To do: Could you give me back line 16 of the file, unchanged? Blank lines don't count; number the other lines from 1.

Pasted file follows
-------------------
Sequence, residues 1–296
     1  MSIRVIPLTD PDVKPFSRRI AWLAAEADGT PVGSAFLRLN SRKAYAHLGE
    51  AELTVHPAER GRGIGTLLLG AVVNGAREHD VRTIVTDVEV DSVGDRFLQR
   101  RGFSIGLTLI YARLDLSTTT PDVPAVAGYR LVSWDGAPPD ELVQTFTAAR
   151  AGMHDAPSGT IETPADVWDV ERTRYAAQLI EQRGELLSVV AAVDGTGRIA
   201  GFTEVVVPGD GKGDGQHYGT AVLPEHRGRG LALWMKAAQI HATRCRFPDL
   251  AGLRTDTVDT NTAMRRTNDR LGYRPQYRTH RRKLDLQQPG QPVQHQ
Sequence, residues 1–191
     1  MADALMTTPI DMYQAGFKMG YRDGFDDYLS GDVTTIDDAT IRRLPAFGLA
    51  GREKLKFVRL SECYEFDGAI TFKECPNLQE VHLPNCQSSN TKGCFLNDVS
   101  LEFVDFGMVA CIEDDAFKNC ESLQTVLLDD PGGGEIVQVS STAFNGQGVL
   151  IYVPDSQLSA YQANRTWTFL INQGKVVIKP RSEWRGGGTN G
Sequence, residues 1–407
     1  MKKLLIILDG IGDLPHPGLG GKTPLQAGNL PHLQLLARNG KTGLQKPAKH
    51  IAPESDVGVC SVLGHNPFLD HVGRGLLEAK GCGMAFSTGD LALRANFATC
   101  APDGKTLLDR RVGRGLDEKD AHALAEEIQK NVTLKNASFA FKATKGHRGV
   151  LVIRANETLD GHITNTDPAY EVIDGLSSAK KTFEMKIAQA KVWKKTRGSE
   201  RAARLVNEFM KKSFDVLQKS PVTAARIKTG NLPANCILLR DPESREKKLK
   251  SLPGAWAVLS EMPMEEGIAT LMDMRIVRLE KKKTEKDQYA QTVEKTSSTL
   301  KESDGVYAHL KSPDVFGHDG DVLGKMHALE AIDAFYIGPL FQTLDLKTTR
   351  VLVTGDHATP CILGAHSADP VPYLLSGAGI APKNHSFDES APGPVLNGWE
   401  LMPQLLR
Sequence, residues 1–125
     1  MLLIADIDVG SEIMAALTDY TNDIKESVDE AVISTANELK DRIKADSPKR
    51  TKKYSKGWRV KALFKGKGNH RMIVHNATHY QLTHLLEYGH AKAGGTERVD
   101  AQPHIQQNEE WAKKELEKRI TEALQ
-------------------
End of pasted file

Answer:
   101  APDGKTLLDR RVGRGLDEKD AHALAEEIQK NVTLKNASFA FKATKGHRGV